Is There a Solution to Students Multitasking in Class?
Distracted learning is, at times, hardly learning at all. Learn how multitasking during class affects learning and what you can do to change student behaviors and attitudes about dividing attention during class time.
Weaned on technology, today’s students can juggle more inputs from various stimuli than can any other generation.
They can process and prioritize incoming signals and either act on them or store them instantly.
And their devices are more than extensions of their arms. They are extensions of themselves.
Ask any Millennial and he or she will tell you that communicating virtually is as natural as breathing. They can do it without looking, without even thinking.
It’s truly amazing. Only it isn’t true at all.
Yes, many of today’s students – even those born before 1985 – are adept at incorporating technology into every moment of their lives.
But just because they are doing other things while they text, like, or scroll doesn’t mean that they are doing any of it well.
In fact, study after study shows that grades suffer when students use phones, tablets, or computers for purposes other than learning at the same time that they are trying to learn.
Yet when students believe they can successfully divide their attention between their coursework and their devices, it is incredibly difficult to get them to stop.
But that doesn’t mean you have to surrender their attention to Facebook and Instagram during your class.
It just means you have to approach the problem a little differently, and you can learn how in Is There a Solution to Students Multitasking in Class? a Magna 20-Minute Mentor with Maryellen Weimer, editor of The Teaching Professor newsletter and blog.
Product Code: PM14HA
This program debunks commonly held notions about students’ capacities to multitask, and then it evaluates three distinct approaches you could adopt to help limit multitasking in your classrooms.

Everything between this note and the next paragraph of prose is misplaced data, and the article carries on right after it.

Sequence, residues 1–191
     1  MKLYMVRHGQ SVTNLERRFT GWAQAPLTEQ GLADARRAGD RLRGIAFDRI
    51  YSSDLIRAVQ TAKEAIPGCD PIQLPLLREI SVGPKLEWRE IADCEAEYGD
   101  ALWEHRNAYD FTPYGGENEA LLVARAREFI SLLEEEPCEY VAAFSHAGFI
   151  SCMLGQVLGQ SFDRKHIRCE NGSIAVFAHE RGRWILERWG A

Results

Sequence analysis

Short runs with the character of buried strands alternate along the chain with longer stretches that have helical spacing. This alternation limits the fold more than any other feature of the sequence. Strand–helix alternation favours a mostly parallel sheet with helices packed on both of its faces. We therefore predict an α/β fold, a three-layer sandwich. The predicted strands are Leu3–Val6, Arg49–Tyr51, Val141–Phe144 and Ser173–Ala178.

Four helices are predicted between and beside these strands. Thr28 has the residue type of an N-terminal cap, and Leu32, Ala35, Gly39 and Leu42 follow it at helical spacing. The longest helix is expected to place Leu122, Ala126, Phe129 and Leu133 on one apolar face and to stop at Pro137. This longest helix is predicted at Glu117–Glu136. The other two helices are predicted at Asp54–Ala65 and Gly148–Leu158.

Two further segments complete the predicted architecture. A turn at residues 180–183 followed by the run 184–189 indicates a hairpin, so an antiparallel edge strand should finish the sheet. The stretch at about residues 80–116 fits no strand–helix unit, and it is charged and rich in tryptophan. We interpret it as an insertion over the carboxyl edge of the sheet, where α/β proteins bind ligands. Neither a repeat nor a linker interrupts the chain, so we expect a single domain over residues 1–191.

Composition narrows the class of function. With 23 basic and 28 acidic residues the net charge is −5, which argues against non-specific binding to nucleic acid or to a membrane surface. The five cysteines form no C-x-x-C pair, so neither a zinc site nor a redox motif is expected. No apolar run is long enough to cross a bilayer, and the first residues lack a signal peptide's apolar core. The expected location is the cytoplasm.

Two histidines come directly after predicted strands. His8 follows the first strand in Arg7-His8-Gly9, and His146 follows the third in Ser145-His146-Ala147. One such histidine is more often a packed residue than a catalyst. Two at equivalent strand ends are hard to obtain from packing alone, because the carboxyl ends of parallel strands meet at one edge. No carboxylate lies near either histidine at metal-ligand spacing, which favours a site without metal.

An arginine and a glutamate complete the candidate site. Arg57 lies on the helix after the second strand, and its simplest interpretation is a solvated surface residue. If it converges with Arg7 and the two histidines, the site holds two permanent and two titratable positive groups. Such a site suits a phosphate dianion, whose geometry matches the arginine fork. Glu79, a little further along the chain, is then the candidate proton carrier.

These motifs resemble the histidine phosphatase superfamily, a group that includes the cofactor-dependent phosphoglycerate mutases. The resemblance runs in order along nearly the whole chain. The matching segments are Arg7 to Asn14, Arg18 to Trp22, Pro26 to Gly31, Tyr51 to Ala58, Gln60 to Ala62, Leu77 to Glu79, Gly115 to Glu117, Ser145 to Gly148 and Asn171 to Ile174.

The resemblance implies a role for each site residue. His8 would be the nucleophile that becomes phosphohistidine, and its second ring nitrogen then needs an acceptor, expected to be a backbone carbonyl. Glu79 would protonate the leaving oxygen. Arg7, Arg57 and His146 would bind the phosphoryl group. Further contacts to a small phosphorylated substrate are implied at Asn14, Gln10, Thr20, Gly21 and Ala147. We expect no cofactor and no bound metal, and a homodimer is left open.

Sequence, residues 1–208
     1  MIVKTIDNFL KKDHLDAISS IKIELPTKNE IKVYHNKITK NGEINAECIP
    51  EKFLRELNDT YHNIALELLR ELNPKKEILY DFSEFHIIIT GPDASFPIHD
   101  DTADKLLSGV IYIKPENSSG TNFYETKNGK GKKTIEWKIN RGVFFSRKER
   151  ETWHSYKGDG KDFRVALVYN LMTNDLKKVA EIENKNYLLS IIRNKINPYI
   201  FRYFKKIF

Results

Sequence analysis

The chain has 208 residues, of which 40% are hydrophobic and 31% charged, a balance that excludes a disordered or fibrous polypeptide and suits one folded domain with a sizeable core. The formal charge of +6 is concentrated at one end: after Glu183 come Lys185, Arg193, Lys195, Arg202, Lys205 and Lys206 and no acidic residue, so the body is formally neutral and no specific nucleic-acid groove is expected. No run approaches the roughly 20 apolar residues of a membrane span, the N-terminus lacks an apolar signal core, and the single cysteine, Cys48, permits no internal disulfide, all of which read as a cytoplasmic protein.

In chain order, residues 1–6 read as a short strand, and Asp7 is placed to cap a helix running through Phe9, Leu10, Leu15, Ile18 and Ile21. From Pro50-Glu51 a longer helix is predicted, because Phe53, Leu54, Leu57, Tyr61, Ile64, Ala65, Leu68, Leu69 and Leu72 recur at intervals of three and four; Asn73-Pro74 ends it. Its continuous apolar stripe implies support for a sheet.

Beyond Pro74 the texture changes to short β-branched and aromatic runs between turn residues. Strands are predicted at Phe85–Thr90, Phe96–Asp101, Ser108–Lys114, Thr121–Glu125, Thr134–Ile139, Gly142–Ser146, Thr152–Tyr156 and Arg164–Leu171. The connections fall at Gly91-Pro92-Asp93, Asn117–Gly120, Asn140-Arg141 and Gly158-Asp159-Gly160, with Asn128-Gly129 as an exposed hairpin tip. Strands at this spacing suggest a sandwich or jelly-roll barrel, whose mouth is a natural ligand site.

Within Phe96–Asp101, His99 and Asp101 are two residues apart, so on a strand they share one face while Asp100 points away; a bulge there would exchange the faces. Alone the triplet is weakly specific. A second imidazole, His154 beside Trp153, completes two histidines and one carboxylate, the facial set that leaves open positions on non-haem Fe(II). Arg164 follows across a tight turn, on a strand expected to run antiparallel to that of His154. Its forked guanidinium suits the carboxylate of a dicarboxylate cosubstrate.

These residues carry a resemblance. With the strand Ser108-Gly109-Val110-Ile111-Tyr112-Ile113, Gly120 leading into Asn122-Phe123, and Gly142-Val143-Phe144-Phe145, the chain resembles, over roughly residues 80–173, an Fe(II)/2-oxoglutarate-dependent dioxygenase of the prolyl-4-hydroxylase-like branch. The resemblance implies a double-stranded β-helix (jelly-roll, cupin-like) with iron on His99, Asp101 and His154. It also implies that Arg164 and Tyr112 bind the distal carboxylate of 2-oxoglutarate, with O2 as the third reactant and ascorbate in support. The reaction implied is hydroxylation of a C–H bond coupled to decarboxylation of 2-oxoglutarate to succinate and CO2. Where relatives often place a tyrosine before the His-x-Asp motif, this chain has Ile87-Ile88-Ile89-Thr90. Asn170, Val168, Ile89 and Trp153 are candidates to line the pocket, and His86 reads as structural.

Weimer backs up her assertions with current research, and she shares her sources so you can delve into findings in greater depth on your own.
Is There a Solution to Students Multitasking in Class? presents solutions that have worked for other instructors and that can work for you.
Yes, staring at a screen instead of an instructor is disrespectful.
Disrupting classmates with devices is inconsiderate. But the biggest problem is that multitasking prevents students from doing their best.
This video can help you change that.
When you are finished with this program, you will:
- Understand how multitasking affects learning
- Know how to develop policies that limit distractions during class
- Recognize opportunities to incorporate personal devices into class for learning purposes
- Know how to engage students in the problem and steer them toward solutions that they help craft and that work for them
Learning is a sophisticated process that is easily compromised with multitasking.
You can learn how to keep your students focused on the task at hand – and not on the devices in their hands – in Is There a Solution to Students Multitasking?
Maryellen Weimer has edited The Teaching Professor newsletter since 1987 and writes the Teaching Professor Blog.
The Teaching Professor Blog features a new weekly post from Maryellen on such topics as: the scholarship of teaching and learning, classroom policies, active learning, assessment, generational differences, and student performance.
She is a professor emerita of Teaching and Learning at Penn State Berks and won Penn State’s Milton S. Eisenhower award for distinguished teaching in 2005. Dr. Weimer has a Ph.D. in Speech Communication from Penn State.